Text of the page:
vs 1 — Jesus begins by saying that he is the “true” vine. There are many vines competing for your attention and affection. There are many vines seeking to be your source of life, joy, peace, and hope. But Jesus says HE is the TRUE vine. He is the one you are in most need of.

vs 2-3 — Every branch that does not bear fruit is thrown away, the rest are tended to and cared for, even pruned so they will bear more fruit. In these verses he is speaking to those individuals who claim to be attached to the vine, but demonstrate they are not connected to it because they do not bear fruit. He is speaking towards those who will attach themselves to Christianity through different means (perhaps like we spoke of last week with beliefs and behaviors), but are not clean. This idea of “clean” comes from his previous teaching in John 13 where Jesus demonstrated through foot washing the entire atonement. There he also said he had made his disciples clean, but not everyone of them were clean - a clear reference to Judas. Judas was around, but he wasn’t a branch that was truly grafted into the vine abiding fruit. Again, this cleansing and being made clean would be declared now, but would be fulfilled at the cross where Jesus bore the sins of His people.

vs 4 — He does not say to devote yourself to doing religious things or be a Johnny Do-Gooder. Jesus commands us to: ABIDE. To abide is a verb. It is active. It is an action on our part. It means to actively stay or remain. When you put your faith in Jesus, you are considered “in Christ.” From there you pursue ongoing relationship with him, obey His commands, and turn away from a lifestyle of habitual sin. “In Christ” means to be justified and forgiven and brought into union with God. But to stay and remain--to abide--is develop this now existent relationship that being “in Christ” gives us. Unless we abide in Christ we cannot bear fruit.

vs 5 — Jesus is the vine and we are the branches. Branches are completely dependent upon the vine for its life. It needs and understands it needs all of its resources and strength from the vine. Only then, as it abides there, can it bear fruit. What kind of fruit: peace, patience, kindness, love, gentleness, self-control, etc. Our lives will be marked with godliness and holiness, Christlikeness, as we abide. We will be filled with joy (we'll return to that later in the series).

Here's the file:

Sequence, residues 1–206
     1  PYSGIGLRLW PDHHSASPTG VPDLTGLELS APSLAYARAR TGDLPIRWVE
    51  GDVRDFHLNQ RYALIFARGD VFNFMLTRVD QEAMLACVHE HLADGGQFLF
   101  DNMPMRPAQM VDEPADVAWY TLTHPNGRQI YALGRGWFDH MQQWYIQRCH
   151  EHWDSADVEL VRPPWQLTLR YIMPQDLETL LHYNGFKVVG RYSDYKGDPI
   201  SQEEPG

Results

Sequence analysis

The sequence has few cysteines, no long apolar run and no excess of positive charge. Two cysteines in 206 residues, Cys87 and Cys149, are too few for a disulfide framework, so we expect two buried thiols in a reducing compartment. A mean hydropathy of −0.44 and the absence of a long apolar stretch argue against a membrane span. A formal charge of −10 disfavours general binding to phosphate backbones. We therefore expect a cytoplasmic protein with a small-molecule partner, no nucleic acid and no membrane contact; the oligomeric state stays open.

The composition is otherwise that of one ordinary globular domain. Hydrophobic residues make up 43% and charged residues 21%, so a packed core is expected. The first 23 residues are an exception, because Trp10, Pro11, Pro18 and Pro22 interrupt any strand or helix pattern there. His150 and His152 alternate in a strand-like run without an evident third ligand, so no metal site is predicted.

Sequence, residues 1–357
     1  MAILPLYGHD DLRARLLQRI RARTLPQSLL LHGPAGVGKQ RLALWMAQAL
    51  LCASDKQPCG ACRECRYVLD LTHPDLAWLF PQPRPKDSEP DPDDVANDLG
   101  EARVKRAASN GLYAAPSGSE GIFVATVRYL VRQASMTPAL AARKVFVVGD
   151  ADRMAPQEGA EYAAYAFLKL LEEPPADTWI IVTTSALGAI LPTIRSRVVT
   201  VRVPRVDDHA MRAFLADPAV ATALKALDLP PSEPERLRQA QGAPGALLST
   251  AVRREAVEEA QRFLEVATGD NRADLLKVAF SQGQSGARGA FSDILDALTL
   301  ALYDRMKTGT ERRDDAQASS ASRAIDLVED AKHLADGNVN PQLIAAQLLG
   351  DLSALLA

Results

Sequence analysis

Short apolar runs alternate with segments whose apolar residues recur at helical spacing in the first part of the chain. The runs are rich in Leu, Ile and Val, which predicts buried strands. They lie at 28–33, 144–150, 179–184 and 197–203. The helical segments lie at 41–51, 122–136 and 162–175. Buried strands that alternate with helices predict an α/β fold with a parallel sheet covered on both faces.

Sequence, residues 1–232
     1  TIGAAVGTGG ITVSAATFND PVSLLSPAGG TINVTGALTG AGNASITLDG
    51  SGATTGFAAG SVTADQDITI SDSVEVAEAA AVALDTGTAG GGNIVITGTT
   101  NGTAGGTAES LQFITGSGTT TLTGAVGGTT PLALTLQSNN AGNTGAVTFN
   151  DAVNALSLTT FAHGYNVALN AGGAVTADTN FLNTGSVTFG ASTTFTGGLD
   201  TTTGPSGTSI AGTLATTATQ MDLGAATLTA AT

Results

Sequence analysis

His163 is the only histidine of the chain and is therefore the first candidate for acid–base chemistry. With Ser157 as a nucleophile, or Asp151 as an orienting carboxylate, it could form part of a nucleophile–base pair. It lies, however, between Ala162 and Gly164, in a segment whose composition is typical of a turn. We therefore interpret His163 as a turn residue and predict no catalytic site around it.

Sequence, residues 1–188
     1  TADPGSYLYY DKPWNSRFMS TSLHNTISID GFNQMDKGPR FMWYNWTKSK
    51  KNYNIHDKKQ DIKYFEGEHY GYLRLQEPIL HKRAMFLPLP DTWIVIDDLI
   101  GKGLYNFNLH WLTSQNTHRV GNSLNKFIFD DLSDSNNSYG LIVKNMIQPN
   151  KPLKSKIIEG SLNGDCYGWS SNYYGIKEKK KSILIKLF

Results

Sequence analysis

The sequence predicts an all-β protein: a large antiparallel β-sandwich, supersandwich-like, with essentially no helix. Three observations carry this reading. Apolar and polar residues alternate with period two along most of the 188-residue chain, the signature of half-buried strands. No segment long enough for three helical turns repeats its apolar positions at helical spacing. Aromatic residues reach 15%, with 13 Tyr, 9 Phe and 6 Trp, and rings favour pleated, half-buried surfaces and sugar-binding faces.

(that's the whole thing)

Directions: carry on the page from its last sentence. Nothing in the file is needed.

Okay, so Jesus tells us to abide. There is something we are expected to do. Practically speaking, abiding has to look like something, doesn’t it? So what is it. Let me read a few quotes from a few some godly folks who have expressed thoughts on the subject:

John Piper - "Hour-by-hour abiding in Jesus means hour-by-hour trusting him to meet all your needs and be all our treasure."

J.C. Ryle - "To abide in Christ means to keep up a habit of constant close communion with Him– to be always leaning on Him, resting on Him, pouring out our hearts to Him, and using Him as our Fountain of life and strength, as our chief Companion and best Friend. To have His words abiding in us, is to keep His sayings and precepts continually before our memories and minds, and to make them the guide of our actions and the rule of our daily conduct and behavior."

John Owen - “Would a soul continually eye His everlasting tenderness and compassion, His thoughts of kindness that have been from of old, His present gracious acceptance, it could not bear an hour’s absence from Him; whereas now, perhaps, it cannot watch with Him one hour.”

Abiding in Christ is a daily walk of faith.

I. Life is a walk
Colossians 2:6 - Therefore, as you received Christ Jesus the Lord, so walk in him

The reason faith is talked about as a walk is because walking is the sequential step-after-step movement from point A to point B. So is our walk with God. It is moment-by-moment, day-by- day, faith in God. He says that as we received Christ (which was by faith), that's how we walk in him. We walk by faith...

  • ...in the gospel (sins forgiven, adopted child of God)

  • ...that you are “in Christ” (justified, righteous, kept/sealed)

  • ...that He is with you (Spirit indwells you, reveals Christ to you)